This is Part 2 of the 5-part Identity Safety Blog Series, a partnership project of Not In Our Town and the Center for the Collaborative Classroom (CCC). Watch the companion webinar to this collaborative series.
Child-centered teaching prioritizes the students’ perspectives in all classroom activities and interactions. We met one teacher who used a literal change of perspective to get in a child-centered frame of mind: Each morning before the kids came in, she would sit in the chair of a different student and look around the classroom, imagining what would it feel like to be that student.
In child-centered classrooms, teachers pay attention to their students to ensure that students can make their own meaning from the lessons and from their interactions with others. In addition, teachers foster both autonomy and cooperation among students. To better understand this process, let’s take these identity safety components apart and then put them back together.
- Listening for Student Voices: Ensure that each student can contribute to and shape classroom life. This means helping students learn to express themselves and find their unique voices. Students get to present and support their ideas and listen to others. This also means that you should pay attention to your students beyond what they are actually saying. Who seems sad today? Who is acting out and might need more time from the teacher? One teacher keeps track of her students’ feelings by taking the “status of the class.” In response to the question “What’s your status?” students raise fingers from 1 (very sad) to 10 (very happy). She also gives one or two students a chance to explain. They might say “I am happy because my grandmother is coming to visit” or “I am sad because my turtle died.” In seconds, the teacher can gauge the general mood and find out if anyone needs special attention.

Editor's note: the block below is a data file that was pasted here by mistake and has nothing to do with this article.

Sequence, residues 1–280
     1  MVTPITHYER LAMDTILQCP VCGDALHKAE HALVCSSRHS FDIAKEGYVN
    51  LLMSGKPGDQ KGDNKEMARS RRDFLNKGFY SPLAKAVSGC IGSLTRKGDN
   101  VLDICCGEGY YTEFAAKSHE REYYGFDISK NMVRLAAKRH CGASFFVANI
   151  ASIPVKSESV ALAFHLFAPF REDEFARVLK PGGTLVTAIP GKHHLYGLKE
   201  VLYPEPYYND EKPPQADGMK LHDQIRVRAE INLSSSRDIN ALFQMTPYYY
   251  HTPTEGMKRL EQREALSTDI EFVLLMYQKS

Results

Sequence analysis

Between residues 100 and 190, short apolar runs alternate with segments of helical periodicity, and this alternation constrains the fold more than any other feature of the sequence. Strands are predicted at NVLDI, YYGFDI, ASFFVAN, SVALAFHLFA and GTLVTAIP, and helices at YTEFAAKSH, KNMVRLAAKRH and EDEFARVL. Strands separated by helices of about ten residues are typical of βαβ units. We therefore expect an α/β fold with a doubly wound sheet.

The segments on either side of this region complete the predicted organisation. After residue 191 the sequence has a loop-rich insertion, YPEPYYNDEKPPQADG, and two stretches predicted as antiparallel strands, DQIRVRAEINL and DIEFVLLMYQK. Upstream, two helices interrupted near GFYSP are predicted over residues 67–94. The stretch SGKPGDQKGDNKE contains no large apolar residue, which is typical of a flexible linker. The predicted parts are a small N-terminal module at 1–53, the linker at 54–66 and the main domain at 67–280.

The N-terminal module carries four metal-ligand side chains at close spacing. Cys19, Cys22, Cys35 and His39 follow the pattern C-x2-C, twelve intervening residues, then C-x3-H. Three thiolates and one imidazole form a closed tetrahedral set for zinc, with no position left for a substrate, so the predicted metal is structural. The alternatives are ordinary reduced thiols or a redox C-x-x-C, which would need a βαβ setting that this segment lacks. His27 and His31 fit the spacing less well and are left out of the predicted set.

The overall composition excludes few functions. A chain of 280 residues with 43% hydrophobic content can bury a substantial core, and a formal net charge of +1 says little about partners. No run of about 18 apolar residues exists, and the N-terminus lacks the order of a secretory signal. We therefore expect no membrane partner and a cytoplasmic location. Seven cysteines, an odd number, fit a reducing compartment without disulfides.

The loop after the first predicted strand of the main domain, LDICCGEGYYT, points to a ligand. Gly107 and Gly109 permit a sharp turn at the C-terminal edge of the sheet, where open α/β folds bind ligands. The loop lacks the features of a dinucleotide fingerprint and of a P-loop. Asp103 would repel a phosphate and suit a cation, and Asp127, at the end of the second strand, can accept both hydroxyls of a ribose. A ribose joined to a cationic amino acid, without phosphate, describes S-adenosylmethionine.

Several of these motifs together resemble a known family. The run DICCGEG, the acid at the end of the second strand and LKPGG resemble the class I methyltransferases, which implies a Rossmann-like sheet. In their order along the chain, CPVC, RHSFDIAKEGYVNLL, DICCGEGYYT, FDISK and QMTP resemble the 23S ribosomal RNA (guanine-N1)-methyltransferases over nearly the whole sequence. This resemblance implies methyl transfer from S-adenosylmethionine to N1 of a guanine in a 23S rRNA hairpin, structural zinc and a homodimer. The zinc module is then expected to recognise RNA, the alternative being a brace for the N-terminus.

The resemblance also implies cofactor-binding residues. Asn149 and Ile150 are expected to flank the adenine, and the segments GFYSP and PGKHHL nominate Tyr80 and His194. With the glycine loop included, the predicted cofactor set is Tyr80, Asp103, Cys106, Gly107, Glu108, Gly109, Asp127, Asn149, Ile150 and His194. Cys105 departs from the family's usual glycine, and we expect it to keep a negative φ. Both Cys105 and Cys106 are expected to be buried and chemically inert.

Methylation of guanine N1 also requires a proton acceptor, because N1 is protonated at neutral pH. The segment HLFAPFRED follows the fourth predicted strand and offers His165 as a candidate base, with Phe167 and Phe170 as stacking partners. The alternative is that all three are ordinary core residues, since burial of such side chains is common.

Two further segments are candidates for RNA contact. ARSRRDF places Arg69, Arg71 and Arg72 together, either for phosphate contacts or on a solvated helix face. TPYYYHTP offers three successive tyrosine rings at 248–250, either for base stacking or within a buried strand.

- Teaching for Understanding: Ensure that students will acquire new knowledge and incorporate it into what they already know. By using strategies that involve questioning, analyzing, and drawing conclusions, students make their own meaning and learn to think for themselves. By incorporating activities that draw on their creativity and imagination, students can take a concept and make it their own. When teachers pay attention to whether students understand what they are learning, they can adjust their teaching to clarify and extend the lesson so all students will succeed.
- Classroom Autonomy: Promote responsibility and belonging in each student. By giving students opportunities to choose, they learn to make their own decisions, and don’t depend solely on the teacher for answers to their questions, or to get the materials or information needed to complete an activity. One teacher had all students set goals for themselves at the beginning of the year. They wrote one academic goal (“I want to be a better writer”) and one social goal (“I want to be helpful”). During the year, students assessed how they were progressing toward their goals. At the end of the school year, they looked at how they had attained their goals. By reflecting along the way, the students all saw progress, and by the end of the year they realized how, by setting a goal, they could really achieve it.